- Heritage Category:
- Listed Building
- List Entry Number:
- Date first listed:
- Statutory Address:
- CHAPPEL COURT
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This copy shows the entry on 23-Aug-2019 at 09:56:12.
- Statutory Address:
- CHAPPEL COURT
The building or site itself may lie within the boundary of more than one authority.
- Teignbridge (District Authority)
- National Grid Reference:
- SX 92170 85761
SX 98 NW
2/195 Chappel Court
House. Late C16/early C17, remodelled in the late C19. Colourwashed rendered cob and stone; thatched roof, gabled at left end, half-hipped at front of east wing, gabled at rear, gabled at end of west wing. C19 additions red sandstone with slate or asphalt roofs. Left end stack with bread oven to main range which also has a disused rear lateral stack, lateral stack to east side of east wing, stack to west wing, end stack to C19 extension to west wing. Plan: Single depth main range, 2 rooms wide, with a front right (east) wing and rear left (west) wing. The west wing was extended by a heated service room in the late C19 and other service rooms were added to the rear of the main range. The house is traditionally said to have functioned as the house of the chantry priest to the Courtenay chantry at Kenn. Cresswell notes that the name derives from the chapel of the castle in Exeter, to which there were 4 prebendaries. The details of the present building and its internal arrangements are consistent with a high quality domestic house of the late C16/early C17. Some of the details of the early plan have been obscured by the late C19 remodelling but it may have been hall in the centre (possibly with a passage to the left), parlour wing to the east with a fine first floor chamber, lower end room to the left (west) end with a fine first floor chamber over; the west wing may have been the kitchen. The C19 alterations have converted the centre room to an unheated entrance hall containing the stair. Other details in the house suggest considerable re-partitioning, possibly during a period when the house is said to have been divided up as cottages. Exterior: 2 storeys. Symmetrical 3 bay front to the main block with the 1 window front of the east wing at the right end. Fine early C17 plank, cover strip and stud front door in the centre with a thatched porch. Complete set of probably C19 3-light transomed small pane casements, both to the main block and the end and inner -return of the wing. The left return (including the west wing) has one first floor C17 ovolo-moulded mullioned window, the other windows are C19 or C20 casements with glazing bars. Interior: Surviving pre C19 interior features include a deeply-chamfered axial beam (stops lost in wall plaster) to the left hand room; the remains of 2 fine decorated plaster ceilings with single ribs and floral sprays, one to the first floor room left, the other to the first floor room in the east wing, and a good C17 panelled door to the east wing room. The C19 work is of good quality and includes a grand imperial stair in the stair hall. Roof: Apex not inspected at time of survey but roof structure evidently of interest, and no later than the plasterwork in the east wing. In the west wing jointed crucks are visible with lap dovetailed collars of a mid/late C17 character. A high quality house, group value with the church. Information in the possession of the owner includes letters from Beatrix Cresswell concerning the origins of the house and a C19 photograph showing the exterior of the building exactly as it is today.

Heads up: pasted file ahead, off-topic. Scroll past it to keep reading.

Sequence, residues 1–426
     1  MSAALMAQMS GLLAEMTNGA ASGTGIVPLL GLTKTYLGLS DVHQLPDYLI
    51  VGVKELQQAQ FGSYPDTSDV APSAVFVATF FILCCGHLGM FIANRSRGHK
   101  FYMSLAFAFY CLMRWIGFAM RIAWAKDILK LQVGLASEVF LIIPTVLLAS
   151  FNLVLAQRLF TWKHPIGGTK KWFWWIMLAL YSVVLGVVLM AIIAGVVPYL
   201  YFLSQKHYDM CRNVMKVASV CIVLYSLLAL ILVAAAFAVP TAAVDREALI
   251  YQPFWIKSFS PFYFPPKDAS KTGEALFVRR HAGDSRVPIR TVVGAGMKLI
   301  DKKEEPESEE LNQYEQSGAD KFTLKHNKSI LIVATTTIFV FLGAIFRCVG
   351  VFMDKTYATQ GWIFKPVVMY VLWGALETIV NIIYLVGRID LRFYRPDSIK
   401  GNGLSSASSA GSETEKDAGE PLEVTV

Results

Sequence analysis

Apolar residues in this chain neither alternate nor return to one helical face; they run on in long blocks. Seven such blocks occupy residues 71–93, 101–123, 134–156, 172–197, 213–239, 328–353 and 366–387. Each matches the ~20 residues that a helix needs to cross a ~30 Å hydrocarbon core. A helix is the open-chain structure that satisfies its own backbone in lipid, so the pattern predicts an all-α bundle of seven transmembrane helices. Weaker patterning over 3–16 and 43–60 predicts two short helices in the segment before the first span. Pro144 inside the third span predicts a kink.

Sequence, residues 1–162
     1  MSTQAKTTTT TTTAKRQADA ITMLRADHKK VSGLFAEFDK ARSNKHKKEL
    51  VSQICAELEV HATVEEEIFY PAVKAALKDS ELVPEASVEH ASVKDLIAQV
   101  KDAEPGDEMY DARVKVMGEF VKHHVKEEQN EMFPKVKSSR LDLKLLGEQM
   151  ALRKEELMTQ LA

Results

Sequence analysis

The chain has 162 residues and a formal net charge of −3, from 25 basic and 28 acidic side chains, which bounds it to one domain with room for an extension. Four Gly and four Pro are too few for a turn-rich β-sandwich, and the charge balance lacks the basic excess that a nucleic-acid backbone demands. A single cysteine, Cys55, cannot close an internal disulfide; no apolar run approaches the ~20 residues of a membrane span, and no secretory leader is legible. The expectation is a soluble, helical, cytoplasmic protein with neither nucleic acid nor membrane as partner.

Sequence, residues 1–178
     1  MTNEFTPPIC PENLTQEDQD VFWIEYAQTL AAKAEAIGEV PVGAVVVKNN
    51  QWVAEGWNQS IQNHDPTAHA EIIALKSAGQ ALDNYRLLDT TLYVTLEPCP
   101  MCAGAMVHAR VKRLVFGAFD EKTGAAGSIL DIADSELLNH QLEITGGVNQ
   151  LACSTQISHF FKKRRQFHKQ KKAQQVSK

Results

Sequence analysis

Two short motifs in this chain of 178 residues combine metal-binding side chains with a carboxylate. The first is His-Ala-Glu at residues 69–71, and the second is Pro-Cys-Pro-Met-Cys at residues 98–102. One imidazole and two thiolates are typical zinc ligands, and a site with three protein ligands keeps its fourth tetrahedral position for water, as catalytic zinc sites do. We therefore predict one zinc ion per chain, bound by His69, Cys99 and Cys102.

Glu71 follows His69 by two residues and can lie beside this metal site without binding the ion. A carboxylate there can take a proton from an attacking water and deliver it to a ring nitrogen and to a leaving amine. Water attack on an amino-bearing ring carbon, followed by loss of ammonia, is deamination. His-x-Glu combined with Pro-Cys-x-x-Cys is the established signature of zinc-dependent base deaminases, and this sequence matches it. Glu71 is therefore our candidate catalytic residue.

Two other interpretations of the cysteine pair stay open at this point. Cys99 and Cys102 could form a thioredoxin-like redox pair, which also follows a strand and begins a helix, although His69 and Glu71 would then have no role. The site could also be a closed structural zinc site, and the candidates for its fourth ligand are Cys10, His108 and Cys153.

Listing NGR: SX9216885760
The contents of this record have been generated from a legacy data system.
- Legacy System number:
- Legacy System:
This building is listed under the Planning (Listed Buildings and Conservation Areas) Act 1990 as amended for its special architectural or historic interest.
End of official listing
Images of England
Images of England was a photographic record of every listed building in England, created as a snap shot of listed buildings at the turn of the millennium. These photographs of the exterior of listed buildings were taken by volunteers between 1999 and 2008. The project was supported by the Heritage Lottery Fund.